Skill Sheet: What You Will Learn Here
- Stakeholders – who are they?
- Types of stakeholders and their role in the capital market
- Stakeholder mapping and stakeholder management
- Stakeholder analysis with examples
Just as you go to a bank when you need a loan or money to meet your needs, companies approach the capital market to raise capital, i.e., funds. A capital market is a market for long-term debt and equity shares where both equity and debt instruments are issued and traded.
As you know, capital is the lifeline of any business and the capital market helps raise the funds required to run businesses. Hence, orderly growth of the capital market is essential for the development of the economy at large.
There are many stakeholders in business who influence and are influenced by the functioning of the market. They are like the wheels of a vehicle and are essential for its smooth functioning. Therefore, efficient stakeholder management is also among the many goals of every company. It is also important for investors in any business to conduct a thorough stakeholder analysis covering stakeholder mapping and stakeholder management before investing in it.
The diagram below shows stakeholders examples in a capital market:
A broker is a member of a recognised stock exchange and is registered with the SEBI. You can deal in securities in stock exchanges through brokers as only they are permitted to trade on the screen-based trading system of stock exchanges. A broker is entitled to execute trades only in those exchanges where they are a member. Thus, a broker, who is a member of the Bombay Stock Exchange, can trade only on the BSE trading platform and not on other exchanges.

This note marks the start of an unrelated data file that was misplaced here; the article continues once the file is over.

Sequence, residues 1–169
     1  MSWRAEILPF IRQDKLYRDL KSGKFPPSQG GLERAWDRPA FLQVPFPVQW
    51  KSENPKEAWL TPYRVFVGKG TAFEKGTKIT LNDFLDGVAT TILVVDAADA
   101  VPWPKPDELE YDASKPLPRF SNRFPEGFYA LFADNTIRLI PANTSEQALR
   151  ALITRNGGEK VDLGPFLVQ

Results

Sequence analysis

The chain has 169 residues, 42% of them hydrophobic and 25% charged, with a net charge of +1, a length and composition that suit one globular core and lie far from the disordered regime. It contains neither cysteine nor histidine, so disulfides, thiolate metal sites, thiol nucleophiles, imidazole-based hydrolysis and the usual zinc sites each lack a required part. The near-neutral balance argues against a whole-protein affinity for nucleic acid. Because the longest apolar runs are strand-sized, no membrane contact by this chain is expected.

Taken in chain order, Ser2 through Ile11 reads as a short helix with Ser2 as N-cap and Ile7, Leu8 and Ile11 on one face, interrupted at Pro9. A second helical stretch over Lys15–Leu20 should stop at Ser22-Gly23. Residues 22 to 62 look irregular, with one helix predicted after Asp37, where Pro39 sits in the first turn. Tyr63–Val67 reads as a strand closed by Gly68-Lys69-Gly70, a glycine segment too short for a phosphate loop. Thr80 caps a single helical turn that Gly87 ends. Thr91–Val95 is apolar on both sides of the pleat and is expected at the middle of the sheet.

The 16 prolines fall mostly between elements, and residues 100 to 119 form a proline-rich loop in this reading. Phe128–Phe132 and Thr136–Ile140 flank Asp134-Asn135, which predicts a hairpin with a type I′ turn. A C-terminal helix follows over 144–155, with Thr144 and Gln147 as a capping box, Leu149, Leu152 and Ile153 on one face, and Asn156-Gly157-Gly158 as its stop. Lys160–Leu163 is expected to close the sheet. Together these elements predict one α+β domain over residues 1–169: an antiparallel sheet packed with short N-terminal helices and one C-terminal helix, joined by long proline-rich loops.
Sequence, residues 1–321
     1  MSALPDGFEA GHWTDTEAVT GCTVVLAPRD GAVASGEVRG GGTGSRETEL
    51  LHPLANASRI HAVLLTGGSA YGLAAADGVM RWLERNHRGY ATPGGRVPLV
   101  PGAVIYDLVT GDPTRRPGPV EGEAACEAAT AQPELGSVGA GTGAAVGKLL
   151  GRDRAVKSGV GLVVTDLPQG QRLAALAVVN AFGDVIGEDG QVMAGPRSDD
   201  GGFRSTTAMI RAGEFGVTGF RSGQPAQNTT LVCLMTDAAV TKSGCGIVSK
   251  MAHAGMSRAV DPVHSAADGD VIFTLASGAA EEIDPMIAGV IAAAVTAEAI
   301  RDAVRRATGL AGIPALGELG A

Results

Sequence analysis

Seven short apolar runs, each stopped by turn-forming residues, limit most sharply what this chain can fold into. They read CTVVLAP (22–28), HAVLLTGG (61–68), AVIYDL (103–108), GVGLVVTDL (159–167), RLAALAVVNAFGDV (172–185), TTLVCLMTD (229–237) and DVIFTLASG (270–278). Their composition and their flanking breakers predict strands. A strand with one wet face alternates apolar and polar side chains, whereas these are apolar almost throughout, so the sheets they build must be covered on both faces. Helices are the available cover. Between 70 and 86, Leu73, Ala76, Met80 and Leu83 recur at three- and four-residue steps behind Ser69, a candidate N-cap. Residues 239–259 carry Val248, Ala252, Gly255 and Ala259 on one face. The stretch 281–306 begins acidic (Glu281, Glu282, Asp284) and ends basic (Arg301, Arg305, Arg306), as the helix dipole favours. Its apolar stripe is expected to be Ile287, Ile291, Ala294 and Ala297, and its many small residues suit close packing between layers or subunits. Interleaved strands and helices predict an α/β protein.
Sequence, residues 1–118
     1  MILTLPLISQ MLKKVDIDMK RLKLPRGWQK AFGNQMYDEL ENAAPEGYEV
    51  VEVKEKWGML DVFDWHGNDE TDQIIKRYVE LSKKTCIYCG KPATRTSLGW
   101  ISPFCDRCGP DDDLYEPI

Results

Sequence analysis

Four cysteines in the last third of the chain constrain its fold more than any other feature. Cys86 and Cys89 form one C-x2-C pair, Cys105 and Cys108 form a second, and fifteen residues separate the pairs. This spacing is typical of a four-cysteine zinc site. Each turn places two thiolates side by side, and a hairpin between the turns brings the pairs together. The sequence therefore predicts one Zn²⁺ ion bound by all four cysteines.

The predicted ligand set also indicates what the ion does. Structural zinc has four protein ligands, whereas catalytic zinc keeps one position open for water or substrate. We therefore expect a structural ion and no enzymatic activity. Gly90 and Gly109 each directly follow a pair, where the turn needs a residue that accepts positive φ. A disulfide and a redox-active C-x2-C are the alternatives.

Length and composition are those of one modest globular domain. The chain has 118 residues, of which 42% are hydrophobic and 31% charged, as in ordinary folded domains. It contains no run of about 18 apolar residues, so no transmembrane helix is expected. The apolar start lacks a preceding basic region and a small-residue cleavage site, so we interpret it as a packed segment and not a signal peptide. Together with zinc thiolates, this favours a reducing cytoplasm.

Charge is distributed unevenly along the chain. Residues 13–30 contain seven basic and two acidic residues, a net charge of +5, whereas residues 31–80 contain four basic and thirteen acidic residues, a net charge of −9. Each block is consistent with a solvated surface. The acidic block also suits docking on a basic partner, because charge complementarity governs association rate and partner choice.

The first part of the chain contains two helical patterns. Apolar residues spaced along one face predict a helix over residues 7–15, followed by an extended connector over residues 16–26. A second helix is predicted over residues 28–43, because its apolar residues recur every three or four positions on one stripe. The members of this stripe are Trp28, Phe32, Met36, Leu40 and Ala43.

Stock exchanges are the organisations that provide platforms to companies to raise capital through IPOs and trade in their shares and bonds through investors and traders. Along with equities and bonds, various other products are traded on the exchanges, such as Exchange Traded Funds (ETFs), investment funds, single stock futures and options, index futures and options, currency derivatives, commodity derivatives and interest rate derivatives.
BSE and NSE are the major Indian exchanges which provide platforms for corporates to raise money from the capital market and list their shares.
Nowadays, trading only shares and bonds in electronic form is allowed, which makes depositories an important part of the stakeholder matrix. Depositories facilitate the holding of securities in electronic form and also enable securities transactions to be processed by book entry. As of now, there are two depositories in India, viz., Central Depository Services (India) Ltd (CDSL) and National Securities Depository Ltd (NSDL).
A depository participant is an agent of the depository and offers depository services to investors, including the dematerialisation of physical shares. Financial institutions, banks, custodians and stockbrokers are allowed to act as depository participants.
The depository system, of which depositories and depository participants are the main constituents, has effectively eliminated paper-based certificates that were more prone to losses, forgery, damage and other problems, resulting in bad deliveries.